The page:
The Prostate


"Do you see decay, consumption, rum-drinking, dropsy, fever, mortal cancer or inflammation? Do you see death, and the approach of death?" -Walt Whitman (1819-1892) U.S. poet, Leaves of Grass (1900)

Below a man's urinary bladder and in front of his rectum lies a gland the size, the anatomist Henry Gray described, as that of a castana. But, it can be thought of more as a pilonga that is fittingly, a dried chestnut. It is the prostate. As in most parts of the anatomy it is unnoticed and unappreciated until one day it starts giving problems.

The prostate belongs to the male reproductive system. Part of it envelops the urethra or the common tube exiting in the penis (where urine and semen pass). A known function of the prostate is secreting the fluid that forms part of the ejaculate. This fluid makes the vaginal environment less acidic and less hostile to sperm.

Risk Factors. The prostate is not immune to cancer. In fact, researchers theorize that in a high-fat diet, the excessive fat increases the production of the hormone testosterone which in turn revs up the cancer cells. It runs in families so if a brother or father has prostate cancer, the chances of getting it increases. Age is a risk factor. The risk increases as the male gets older.

The horror of prostate cancer is compounded by consequences of treatment such as bladder problems and impotence (erectile dysfunction to the faint-hearted). However, the good news is that if the cancer is detected early, treatment success is high and side-effect may be temporary. Signs & Symptoms. Here's the downside: signs and symptoms when already detectable may mean that the cancer has gone beyond the prostate. Nevertheless, watch out for: * Pain during urination.

* A dull ache in lower pelvis.

* Urgency to urinate.

* Difficulty starting urination.

* Hematuria (blood in the urine).

* Weak urine flow and dribbling.

* Loss of weight and appetite. …

The rest of this article is only available to active members of Questia

Already a member? Log in now.

Notes for this article

Add a new note
If you are trying to select text to create highlights or citations, remember that you must now click or tap on the first word, and then click or tap on the last word.
One moment ...
Default project is now your active project.
Project items

Items saved from this article

This article has been saved
Highlights (0)
Some of your highlights are legacy items.

Highlights saved before July 30, 2012 will not be displayed on their respective source pages.

You can easily re-create the highlights by opening the book page or article, selecting the text, and clicking “Highlight.”

Citations (0)
Some of your citations are legacy items.

Any citation created before July 30, 2012 will labeled as a “Cited page.” New citations will be saved as cited passages, pages or articles.

We also added the ability to view new citations from your projects or the book or article where you created them.

Notes (0)
Bookmarks (0)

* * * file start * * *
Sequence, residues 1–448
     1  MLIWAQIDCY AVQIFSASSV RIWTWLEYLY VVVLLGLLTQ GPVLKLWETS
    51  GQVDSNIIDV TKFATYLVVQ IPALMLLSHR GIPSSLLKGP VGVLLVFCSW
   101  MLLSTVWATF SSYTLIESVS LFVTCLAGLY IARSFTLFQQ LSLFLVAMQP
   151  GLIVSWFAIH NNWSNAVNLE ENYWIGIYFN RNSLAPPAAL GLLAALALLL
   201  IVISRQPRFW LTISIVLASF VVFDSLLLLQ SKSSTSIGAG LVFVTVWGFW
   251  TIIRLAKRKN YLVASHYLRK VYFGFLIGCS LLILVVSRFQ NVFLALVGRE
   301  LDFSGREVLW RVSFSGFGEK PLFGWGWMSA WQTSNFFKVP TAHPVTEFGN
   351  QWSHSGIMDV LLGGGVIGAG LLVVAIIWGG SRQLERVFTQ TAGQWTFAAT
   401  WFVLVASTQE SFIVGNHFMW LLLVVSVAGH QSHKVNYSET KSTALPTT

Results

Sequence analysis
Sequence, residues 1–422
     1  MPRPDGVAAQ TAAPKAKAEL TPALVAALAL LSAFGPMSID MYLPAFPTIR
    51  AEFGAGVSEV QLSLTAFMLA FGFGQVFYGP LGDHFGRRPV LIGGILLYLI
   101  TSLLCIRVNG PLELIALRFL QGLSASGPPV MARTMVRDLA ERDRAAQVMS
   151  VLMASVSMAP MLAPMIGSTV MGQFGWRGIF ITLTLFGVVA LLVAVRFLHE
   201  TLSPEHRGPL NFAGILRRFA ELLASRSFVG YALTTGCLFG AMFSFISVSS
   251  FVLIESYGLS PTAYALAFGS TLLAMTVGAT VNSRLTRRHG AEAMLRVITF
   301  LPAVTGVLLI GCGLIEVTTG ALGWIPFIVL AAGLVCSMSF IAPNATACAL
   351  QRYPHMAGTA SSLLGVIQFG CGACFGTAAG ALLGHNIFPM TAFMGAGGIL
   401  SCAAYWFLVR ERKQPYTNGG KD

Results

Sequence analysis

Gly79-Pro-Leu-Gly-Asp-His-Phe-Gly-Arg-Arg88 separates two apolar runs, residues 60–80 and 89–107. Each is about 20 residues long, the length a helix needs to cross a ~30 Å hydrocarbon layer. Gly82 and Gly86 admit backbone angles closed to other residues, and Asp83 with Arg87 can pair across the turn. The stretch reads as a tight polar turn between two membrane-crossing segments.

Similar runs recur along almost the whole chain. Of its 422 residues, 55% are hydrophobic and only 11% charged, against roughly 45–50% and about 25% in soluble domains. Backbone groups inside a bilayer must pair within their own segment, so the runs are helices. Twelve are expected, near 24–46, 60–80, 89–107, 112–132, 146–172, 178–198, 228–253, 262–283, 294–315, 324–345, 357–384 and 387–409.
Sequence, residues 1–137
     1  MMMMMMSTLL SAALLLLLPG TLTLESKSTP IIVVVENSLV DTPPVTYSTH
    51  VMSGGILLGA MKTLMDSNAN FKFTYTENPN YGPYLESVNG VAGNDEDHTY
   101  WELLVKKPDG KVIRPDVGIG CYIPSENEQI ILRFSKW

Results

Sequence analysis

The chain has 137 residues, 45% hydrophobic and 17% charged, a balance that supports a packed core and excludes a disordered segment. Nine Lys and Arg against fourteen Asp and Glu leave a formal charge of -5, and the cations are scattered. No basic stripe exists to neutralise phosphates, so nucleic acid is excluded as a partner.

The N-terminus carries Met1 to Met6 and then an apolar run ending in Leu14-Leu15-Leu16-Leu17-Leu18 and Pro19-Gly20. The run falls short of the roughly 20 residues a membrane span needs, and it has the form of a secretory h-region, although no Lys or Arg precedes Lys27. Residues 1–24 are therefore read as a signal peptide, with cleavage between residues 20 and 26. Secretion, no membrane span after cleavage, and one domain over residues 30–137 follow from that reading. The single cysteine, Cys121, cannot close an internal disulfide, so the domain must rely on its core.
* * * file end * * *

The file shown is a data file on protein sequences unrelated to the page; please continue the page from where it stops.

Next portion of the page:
You have no saved items from this article

Project items include:
  • Saved book/article
  • Highlights
  • Quotes/citations
  • Notes
  • Bookmarks
Notes
Cite this article

Cited article

Style
Citations are available only to our active members.
Buy instant access to cite pages or passages in MLA, APA and Chicago citation styles.

(Einhorn, 1992, p. 25)

(Einhorn 25)

1. Lois J. Einhorn, Abraham Lincoln, the Orator: Penetrating the Lincoln Legend (Westport, CT: Greenwood Press, 1992), 25, http://www.questia.com/read/27419298.

Cited article

The Prostate
Settings

Settings

Typeface
Text size Smaller Larger Reset View mode
Search within

Search within this article

Look up

Look up a word

  • Dictionary
  • Thesaurus
Please submit a word or phrase above.
Print this page

Print this page

Why can't I print more than one page at a time?

Help
Full screen

matching results for page

    Questia reader help

    How to highlight and cite specific passages

    1. Click or tap the first word you want to select.
    2. Click or tap the last word you want to select, and you’ll see everything in between get selected.
    3. You’ll then get a menu of options like creating a highlight or a citation from that passage of text.

    OK, got it!

    Cited passage

    Style
    Citations are available only to our active members.
    Buy instant access to cite pages or passages in MLA, APA and Chicago citation styles.

    "Portraying himself as an honest, ordinary person helped Lincoln identify with his audiences." (Einhorn, 1992, p. 25).

    "Portraying himself as an honest, ordinary person helped Lincoln identify with his audiences." (Einhorn 25)

    "Portraying himself as an honest, ordinary person helped Lincoln identify with his audiences."1

    1. Lois J. Einhorn, Abraham Lincoln, the Orator: Penetrating the Lincoln Legend (Westport, CT: Greenwood Press, 1992), 25, http://www.questia.com/read/27419298.

    Cited passage

    Thanks for trying Questia!

    Please continue trying out our research tools, but please note, full functionality is available only to our active members.

    Your work will be lost once you leave this Web page.

    Buy instant access to save your work.

    Already a member? Log in now.

    Author Advanced search

    Oops!

    An unknown error has occurred. Please click the button below to reload the page. If the problem persists, please try again in a little while.